This is also the time of year when my mom Kay died. It happened, after a long slow decline, five years ago on December 13th. I was sure, before the fact, that I'd write about her when she died. It didn't work out that way — I think her long-anticipated passing took me away from contemplation and remembrance. (I wrote just once here, about 18 months before she left.)
By the time she died I was exhausted from the cross-country routine I got into during her last two years. During her long decline, I got caught up in the details of daily caretaking: sponge baths, trips to the bathroom, pull-on clothing, blankets and pillows adjusted just so. As these details became all-encompassing for her and a cadre of home health aides and hospice workers, I worried: I don't want to remember only this.
But as the months wore on, it was increasingly hard to recall much before this world of invalidism encroached. I had more and more difficulty conjuring up any of the thousands of wonderful moments I'd had with my lively, engaging, generous mom.
Now, five years on, as the days shorten, I'm more able to consider her life in full. That seemingly endless period of her diminishing — in fact, just 2 1/2 years of a 92-year run — has at last receded into reasonable perspective. Now I can remember her frequent dinner parties, her long and satisfying pink-to-white-collar career, her kindness towards all who came her way. I can almost hear her regular phone check-ins with friends; I long observed (and learned from) her looking after the lonely, the isolated and the disaffected. She was always ready to put together a gathering or a meal, and her home became the center of her crowd.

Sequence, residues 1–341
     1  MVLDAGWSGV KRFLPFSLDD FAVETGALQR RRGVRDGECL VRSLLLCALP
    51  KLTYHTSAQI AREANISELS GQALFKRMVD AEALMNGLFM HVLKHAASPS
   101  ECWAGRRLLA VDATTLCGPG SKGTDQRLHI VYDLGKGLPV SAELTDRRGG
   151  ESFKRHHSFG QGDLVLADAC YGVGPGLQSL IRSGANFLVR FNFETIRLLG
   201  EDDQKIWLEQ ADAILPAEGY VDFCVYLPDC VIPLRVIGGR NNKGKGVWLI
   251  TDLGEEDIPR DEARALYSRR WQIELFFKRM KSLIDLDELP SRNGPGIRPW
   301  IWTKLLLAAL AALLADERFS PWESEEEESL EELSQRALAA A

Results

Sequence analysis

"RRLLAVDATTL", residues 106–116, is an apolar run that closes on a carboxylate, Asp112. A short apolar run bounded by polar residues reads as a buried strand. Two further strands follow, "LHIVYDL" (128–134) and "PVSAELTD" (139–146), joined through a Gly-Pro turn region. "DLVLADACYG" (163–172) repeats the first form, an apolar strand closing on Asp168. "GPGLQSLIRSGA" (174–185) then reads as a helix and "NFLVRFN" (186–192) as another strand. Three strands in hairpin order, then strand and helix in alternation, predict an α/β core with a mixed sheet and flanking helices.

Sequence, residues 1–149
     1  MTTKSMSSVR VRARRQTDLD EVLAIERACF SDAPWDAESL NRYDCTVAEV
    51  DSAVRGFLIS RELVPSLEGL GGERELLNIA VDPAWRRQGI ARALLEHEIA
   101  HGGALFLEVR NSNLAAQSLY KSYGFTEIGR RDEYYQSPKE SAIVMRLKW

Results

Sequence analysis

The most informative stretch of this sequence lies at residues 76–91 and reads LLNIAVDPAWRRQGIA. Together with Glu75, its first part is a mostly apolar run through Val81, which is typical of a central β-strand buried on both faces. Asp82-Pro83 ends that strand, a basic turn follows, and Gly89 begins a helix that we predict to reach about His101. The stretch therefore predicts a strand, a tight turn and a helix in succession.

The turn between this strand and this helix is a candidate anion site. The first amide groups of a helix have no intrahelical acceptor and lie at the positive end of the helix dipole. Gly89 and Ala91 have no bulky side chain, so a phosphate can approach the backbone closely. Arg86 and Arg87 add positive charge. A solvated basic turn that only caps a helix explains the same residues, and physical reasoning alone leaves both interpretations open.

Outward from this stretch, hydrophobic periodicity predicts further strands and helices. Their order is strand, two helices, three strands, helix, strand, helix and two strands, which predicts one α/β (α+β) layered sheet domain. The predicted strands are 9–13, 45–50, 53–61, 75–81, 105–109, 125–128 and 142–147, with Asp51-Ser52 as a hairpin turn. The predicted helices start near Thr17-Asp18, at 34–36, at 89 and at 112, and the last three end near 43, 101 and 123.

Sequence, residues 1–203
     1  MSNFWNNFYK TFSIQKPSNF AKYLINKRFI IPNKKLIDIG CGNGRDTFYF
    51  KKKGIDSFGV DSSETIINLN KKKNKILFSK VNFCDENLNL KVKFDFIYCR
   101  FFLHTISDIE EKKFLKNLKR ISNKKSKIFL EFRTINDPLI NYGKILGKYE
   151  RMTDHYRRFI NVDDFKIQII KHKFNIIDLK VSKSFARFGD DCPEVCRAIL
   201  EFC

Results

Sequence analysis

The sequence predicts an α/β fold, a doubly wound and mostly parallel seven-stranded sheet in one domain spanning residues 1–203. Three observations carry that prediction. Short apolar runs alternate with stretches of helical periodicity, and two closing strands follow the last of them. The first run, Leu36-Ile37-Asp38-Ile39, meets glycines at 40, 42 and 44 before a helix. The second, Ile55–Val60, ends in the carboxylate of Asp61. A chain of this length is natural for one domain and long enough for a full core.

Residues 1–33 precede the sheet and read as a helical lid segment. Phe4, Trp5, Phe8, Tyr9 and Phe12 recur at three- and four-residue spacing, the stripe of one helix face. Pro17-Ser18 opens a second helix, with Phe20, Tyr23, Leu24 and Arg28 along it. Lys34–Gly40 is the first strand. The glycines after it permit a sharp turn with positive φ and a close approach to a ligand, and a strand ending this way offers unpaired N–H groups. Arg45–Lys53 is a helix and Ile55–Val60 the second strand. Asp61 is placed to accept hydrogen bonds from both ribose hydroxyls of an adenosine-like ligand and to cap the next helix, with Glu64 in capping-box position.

For a woman born in rural Texas in 1916, one of 11 children (and one of only two of them to graduate from high school), she became known in her adult life as being remarkably worldly, open-minded and unflappable.
But even as a young woman — before she left Texas to experience the world — she showed self-confidence and an unusual inner strength (she was probably 19 or 20 in this photo).
As her auburn hair began to go grey, she took the time-honored route of so many women, to become a champagne blonde. She made the most of it, that's for sure. Here she is post-retirement in her beloved garden. (Only at age 91 did she finally agree to skip the color rinse; it turned out that her hair was a beautiful white.)
It surprises me a little that it's taken this long for me to remember more of her than her last couple of years. It doesn't surprise me that — the month she was born, and the month she died — would be filled with many memories and a sharp sense of loss, in part. Even so, I'm so glad I'm able to remember much more of her prime (a long period, for her — a good swath of age 55-85) as the years move on.
And this is how I love remembering her: full of life, engaging and engaged in the world, as she was here. She was the sort of person who, after a long absence, you could pick up with right away. Maybe that's where I'm getting to now.